Wednesday, May 24, 2006

Meanwhile in California...

It is, forgive us, a textbook lesson in political meddling. State Sen. Sheila Kuehl (D-Santa Monica) has introduced a bill, SB 1437, that would require California textbooks to tell the stories of the contributions made to history by gays and lesbians. If we didn't know any better, we'd say that Kuehl, a talented legislator who was the first openly gay member of the Legislature, was trying to write herself into the history books.

Under her proposal, textbooks would have to "accurately portray in an age-appropriate manner the cultural, racial, gender and sexual orientation diversity of our society." They also would have to include "the contributions of people who are lesbian, gay, bisexual or transgender to the total development of California and the United States."

It's a twisting of what history textbooks are supposed to do: tell about the most important contributions, and misdeeds, of people in history, regardless of their beliefs and orientations.

Instead, under Kuehl's proposal, books would recount history in part through a gay and lesbian prism. This is as misguided in its way as the state Board of Education in Texas two years ago insisting that middle-school textbooks define marriage as the "lifelong union between a husband and wife," which, aside from its anti-gay slant, chose to ignore the existence of divorce.

California already has among the strongest social studies curriculums in the nation and is considered a model for its balanced and comprehensive approach to history lessons. The state also has an 18-member curriculum commission — made up of educators, subject experts and even a couple of politicians — that sets standards for textbooks and reviews them before they're adopted by the state school board. The commission makes mistakes, but the process it follows is thoughtful and deliberate

The commission should be allowed to do its job without interference from legislators. And Kuehl should return to the kind of worthwhile legislation, on such issues as family leave, for which she is justly known.

(LA Times editorial, May 9, 2006)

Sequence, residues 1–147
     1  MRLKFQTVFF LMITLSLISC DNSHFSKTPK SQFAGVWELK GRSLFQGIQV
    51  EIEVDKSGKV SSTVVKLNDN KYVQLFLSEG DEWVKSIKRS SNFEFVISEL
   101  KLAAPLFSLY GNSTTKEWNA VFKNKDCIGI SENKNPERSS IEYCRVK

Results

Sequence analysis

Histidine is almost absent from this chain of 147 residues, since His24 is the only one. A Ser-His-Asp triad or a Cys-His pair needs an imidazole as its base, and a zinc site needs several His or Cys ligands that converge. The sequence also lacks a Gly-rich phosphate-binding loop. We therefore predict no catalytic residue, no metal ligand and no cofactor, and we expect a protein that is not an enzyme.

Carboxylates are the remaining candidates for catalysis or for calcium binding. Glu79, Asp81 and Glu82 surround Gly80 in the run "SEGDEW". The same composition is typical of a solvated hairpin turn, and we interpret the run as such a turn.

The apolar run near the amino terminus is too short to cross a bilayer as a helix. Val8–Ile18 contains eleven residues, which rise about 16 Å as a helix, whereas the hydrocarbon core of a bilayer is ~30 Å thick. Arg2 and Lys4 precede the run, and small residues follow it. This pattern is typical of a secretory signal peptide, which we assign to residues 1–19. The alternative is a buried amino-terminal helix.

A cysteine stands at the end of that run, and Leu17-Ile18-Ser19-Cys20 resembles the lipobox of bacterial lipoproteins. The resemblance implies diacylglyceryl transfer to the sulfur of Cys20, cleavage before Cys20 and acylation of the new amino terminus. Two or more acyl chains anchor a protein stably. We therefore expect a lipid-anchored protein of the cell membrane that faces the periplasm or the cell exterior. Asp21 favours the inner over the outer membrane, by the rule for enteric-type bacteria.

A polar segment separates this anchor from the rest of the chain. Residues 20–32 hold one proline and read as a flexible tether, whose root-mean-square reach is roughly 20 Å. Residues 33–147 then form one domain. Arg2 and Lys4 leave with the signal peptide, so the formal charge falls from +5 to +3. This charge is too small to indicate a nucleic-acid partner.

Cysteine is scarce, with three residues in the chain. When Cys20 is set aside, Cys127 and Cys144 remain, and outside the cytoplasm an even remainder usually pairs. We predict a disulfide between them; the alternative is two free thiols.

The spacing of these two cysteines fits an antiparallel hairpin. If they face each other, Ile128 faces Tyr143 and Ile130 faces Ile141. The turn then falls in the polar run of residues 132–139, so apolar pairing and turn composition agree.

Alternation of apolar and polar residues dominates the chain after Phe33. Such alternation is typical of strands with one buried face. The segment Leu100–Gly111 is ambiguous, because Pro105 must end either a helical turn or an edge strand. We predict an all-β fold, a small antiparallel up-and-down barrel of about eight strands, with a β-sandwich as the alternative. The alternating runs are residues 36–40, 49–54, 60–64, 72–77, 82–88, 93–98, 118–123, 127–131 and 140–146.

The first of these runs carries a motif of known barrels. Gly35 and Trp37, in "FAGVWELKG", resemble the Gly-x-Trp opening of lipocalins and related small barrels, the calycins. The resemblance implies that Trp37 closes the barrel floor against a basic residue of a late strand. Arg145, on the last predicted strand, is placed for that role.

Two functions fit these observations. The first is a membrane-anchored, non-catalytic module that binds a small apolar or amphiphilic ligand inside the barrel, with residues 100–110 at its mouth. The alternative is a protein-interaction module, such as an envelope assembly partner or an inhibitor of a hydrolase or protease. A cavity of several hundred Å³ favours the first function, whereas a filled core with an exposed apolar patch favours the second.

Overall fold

19 comments:

Pat Robertson said...

Totally crazy. Go back in the closet and close the damn door.

Anonymous said...

A MEN BROTHER!!!!

Anonymous said...

Robertson is a jerk. The closet is a good place for all the abnormals!

anonymous number 3 said...

Anonymous number 2, WTF? If you think he's a jerk, why do you agree that the closet is the place for abnormals?

brownhole said...

The commission is composed of pseudo-intellectual zealots all pushing their own political and social views. It is a horrible travesty I have witnessed first hand.
That said, Kuehl is even worse.

Anonymous said...

anon # 3 Take a look at your society. All the crap that is going on is because of P C, and trying to make nice to all the pressure groups. When the ab normals have a say, you got real problems!!!

Dr. No said...

You must be talking about Puttzle, Dingo, Murphy and drralph!

puttzle said...

Thanks for the compliment, Dr. No.

Anonymous said...

Oh, You noticed??

puttzle said...

Notice what?

I was the real "Anonymous" said...

.


Egad, San-O Daze is beseighed by a plethora of Anonymice*.


*what, you thought the plural would be anonymouses?

.

anonyrat said...

be·siege (bĭ-sēj') pronunciation
tr.v., -sieged, -sieg·ing, -sieg·es.

1. To surround with hostile forces.
2. To crowd around; hem in.
3. To harass or importune, as with requests.
4. To cause to feel distressed or worried.

pleth·o·ra (plĕth'ər-ə) pronunciation
n.

1. A superabundance; an excess.
2. An excess of blood in the circulatory system or in one organ or area.

anonymice (uh.NON.uh.mys) n.

1. People who send information anonymously, particularly out of fear of exposure, scandal, or retribution.

See Also: anonymouses (1985).

anonygerbil said...

Now that is funny.

hang ten said...

Good god, where's the theesaurous???

anonyflea said...

You gunna need a foursaurous at least. Never mind, better go to the fivesaurous.

size matters said...

plethysmograph

Pronunciation (pl-thzm-grf, pl-)
n.

An instrument that measures variations in the size of an organ or body part on the basis of the amount of blood passing through or present in the part.

Dr. Ralph said...

Nurse Ratchett, will you please restore order to this ward. Put everone in lock down, and sedate them.

hang ten said...

Thank you Dr Cheswick

Nurse Ratchett said...

Yes, doctor.

Moon Phase